Type of bombs used in Brussels by Islamic State likely been seen before
By THOMAS GIBBONS-NEFF | The Washington Post | Published: March 23, 2016
WASHINGTON — In the hours after the blasts that killed at least 31 people in Brussels Tuesday, investigators began piecing together how the Islamic State managed to detonate three bombs in the span of roughly an hour across the city. One question is how the individuals managed to build the devices and if they would resemble or possibly even match the bombs used during the Paris attacks last fall.
News reports in the aftermath of the attacks suggested that the terrorists used bombs made primarily of a peroxide-based explosive, triacetone triperoxide, known as TATP. It is unclear if the attackers used small arms prior to detonating their bombs, however if they used TATP-based explosives it would be one more example of their continued use in terrorist attacks across Europe.
Highly unstable, peroxide-based explosives such as TATP and its sibling hexamethylene triperoxide diamine or HMTD, have been used in terrorist bombs for decades. TATP first gained notoriety after the Sept. 11, 2001, attacks when Richard Reid, known as the shoe bomber, unsuccessfully tried to detonate a TATP-triggered explosive during a Paris to Miami flight in December 2001. TATP was also used in the 2005 London bombings that killed 56 as well as in the November 2015 attacks in Paris.
TATP's ingredients, such as concentrated hydrogen peroxide and acetone, are extremely easy to procure and cook into an explosive. But the powdery substance is highly volatile and potent, earning it the nickname "The Mother of Satan." A few grams of TATP can easily blow off fingers, while concentrated pounds of it are devastating.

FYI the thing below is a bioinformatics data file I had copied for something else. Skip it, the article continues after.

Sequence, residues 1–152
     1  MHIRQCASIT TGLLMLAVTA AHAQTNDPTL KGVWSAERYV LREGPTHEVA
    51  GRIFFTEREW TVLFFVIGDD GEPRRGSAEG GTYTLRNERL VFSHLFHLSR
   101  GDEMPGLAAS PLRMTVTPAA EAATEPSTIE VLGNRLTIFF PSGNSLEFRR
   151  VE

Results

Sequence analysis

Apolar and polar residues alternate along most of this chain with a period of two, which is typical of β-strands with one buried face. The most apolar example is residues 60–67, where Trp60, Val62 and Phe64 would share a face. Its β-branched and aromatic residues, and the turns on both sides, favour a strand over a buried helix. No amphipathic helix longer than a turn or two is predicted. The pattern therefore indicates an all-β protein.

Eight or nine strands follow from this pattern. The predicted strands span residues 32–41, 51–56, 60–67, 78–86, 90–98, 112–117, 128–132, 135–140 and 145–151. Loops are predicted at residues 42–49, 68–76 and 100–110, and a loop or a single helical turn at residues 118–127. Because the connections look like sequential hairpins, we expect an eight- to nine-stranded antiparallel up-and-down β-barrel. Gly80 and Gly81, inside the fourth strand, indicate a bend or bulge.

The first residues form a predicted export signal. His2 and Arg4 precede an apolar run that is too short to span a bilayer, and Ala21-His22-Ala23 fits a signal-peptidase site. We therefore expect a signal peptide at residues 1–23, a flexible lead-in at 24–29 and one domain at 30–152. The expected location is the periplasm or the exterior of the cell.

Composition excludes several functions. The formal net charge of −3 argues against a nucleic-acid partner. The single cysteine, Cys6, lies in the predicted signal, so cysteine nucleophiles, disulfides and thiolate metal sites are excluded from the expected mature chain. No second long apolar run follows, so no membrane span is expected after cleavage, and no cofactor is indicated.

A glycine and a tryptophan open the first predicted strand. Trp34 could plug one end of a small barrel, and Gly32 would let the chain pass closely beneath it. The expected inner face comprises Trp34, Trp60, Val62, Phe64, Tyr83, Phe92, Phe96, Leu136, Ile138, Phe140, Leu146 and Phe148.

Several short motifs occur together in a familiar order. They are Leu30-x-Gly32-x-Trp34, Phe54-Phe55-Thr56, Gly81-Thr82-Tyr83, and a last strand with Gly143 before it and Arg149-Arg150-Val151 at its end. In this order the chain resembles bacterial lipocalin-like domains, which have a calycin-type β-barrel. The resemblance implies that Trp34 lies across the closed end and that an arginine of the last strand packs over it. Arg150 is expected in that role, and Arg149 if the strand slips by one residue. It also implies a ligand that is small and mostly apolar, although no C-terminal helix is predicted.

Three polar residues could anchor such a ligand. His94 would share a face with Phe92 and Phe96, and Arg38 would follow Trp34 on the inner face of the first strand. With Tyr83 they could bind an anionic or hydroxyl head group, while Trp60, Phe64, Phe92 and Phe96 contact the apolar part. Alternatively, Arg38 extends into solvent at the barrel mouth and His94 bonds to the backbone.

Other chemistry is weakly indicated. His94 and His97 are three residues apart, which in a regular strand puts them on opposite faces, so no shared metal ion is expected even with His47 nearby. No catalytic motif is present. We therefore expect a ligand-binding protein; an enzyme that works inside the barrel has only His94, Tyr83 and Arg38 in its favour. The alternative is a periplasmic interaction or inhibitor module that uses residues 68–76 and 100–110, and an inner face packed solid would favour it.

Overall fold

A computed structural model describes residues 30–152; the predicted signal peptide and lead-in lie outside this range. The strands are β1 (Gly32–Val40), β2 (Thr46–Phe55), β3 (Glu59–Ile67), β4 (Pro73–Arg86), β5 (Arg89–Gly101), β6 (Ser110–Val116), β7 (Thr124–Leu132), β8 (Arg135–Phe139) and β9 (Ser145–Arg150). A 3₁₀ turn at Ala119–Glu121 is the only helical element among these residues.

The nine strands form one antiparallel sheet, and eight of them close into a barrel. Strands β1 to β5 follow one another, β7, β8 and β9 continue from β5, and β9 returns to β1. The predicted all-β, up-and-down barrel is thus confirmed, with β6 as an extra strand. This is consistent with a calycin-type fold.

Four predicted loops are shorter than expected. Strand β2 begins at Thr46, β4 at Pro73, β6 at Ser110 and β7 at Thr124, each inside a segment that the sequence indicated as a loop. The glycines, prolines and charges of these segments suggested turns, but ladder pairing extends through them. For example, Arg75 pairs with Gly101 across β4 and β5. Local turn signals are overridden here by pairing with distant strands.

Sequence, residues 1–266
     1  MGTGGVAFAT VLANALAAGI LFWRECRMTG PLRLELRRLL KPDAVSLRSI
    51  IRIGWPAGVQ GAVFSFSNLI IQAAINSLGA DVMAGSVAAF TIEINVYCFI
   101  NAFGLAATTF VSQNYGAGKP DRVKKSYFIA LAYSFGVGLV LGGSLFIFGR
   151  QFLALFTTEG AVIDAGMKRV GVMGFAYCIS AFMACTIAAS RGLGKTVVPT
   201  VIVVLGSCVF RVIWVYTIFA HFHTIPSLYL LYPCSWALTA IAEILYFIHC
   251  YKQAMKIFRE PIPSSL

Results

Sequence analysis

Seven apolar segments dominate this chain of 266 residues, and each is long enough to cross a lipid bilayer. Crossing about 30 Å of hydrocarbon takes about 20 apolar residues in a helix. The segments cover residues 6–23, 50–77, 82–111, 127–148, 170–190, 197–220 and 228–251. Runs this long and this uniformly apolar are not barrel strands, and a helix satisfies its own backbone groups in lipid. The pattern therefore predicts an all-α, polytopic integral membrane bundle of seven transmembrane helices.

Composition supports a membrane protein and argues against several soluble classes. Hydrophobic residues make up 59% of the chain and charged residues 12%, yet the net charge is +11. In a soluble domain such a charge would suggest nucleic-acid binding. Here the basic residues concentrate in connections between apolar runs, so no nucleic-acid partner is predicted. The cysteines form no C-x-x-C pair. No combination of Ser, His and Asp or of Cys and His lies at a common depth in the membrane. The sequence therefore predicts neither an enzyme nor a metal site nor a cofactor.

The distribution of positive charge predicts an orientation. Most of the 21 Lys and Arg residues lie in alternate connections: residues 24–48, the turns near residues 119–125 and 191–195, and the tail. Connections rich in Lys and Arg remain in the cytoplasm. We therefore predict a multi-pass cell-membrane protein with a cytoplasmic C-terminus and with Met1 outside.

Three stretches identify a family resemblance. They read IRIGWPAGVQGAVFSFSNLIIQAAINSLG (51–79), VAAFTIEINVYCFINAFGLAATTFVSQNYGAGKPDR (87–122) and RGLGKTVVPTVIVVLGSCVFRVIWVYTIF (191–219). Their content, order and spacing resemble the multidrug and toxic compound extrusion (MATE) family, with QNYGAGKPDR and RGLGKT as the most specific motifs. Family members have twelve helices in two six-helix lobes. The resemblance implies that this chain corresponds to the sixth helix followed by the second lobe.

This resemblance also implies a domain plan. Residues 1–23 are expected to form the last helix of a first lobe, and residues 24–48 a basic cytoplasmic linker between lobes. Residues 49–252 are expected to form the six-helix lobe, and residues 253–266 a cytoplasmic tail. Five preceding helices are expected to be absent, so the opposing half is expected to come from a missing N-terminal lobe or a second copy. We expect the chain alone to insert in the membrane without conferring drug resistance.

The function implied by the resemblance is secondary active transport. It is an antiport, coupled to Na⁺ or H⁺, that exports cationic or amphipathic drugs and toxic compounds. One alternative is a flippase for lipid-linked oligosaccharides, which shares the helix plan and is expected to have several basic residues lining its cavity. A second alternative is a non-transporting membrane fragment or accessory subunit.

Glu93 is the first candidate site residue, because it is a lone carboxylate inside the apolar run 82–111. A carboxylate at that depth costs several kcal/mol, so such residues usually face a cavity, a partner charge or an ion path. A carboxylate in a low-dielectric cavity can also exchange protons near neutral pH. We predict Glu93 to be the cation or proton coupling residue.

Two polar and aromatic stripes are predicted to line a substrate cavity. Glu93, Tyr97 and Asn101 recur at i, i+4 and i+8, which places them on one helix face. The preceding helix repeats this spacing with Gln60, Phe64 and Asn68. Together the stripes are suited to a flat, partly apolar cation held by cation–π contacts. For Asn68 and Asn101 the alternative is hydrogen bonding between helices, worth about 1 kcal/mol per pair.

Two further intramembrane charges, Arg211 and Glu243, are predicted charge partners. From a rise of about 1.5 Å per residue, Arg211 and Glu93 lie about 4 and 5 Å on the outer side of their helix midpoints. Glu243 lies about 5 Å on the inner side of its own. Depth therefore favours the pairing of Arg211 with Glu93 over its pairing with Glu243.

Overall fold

According to an Army explosive ordnance disposal technician, who requested his name be withheld because of his current employment, TATP-based explosive devices are rarely seen in war zones such as Iraq and Afghanistan because of how temperamental the material is and stable, military-grade explosives are readily available. TATP, he said, has become a staple in Europe because of its accessible ingredients and how they raise little suspicion when purchased individually.
According to Brian Castner, a former Air Force explosive ordnance disposal technician and author of the book "All the Ways We Kill and Die," the use of TATP-based explosives in both Paris and Brussels could suggest that a terrorist network in Europe has mastered the cooking and handling of TATP.
"There are actually very few bomb makers in the grand scheme of things," Castner said. "Once one finds a successful way to construct these things, they mass produce it."
While there are still few details about the devices used in the Belgium attacks, some reports indicate that the bombs at the airport were detonated within suitcases, while a suicide vest may have been used in the Metro bombing.
While a seemingly small distinction, the two delivery methods involve different constructions for the bomb maker. A TATP-loaded vest would be harder to build and maintain as the substance is so volatile. A suitcase loaded with TATP would be easier to transport and less likely to accidentally explode as the charges would more protected than if placed in a vest.
Reports on social media indicated that nails were used in the bombs. The type of fragmentation in explosives such as the ones used in Brussels often change between ball bearings, bolts, nails and anything else the bomb maker might decide to pack into the charges to increase the carnage.
Pictures posted online of three suspects pushing carts loaded with suitcases through the Zaventem airport show two of them wearing black gloves on their left hands. According to the Army technician, the gloves would be big enough to hold triggering devices for the bombs.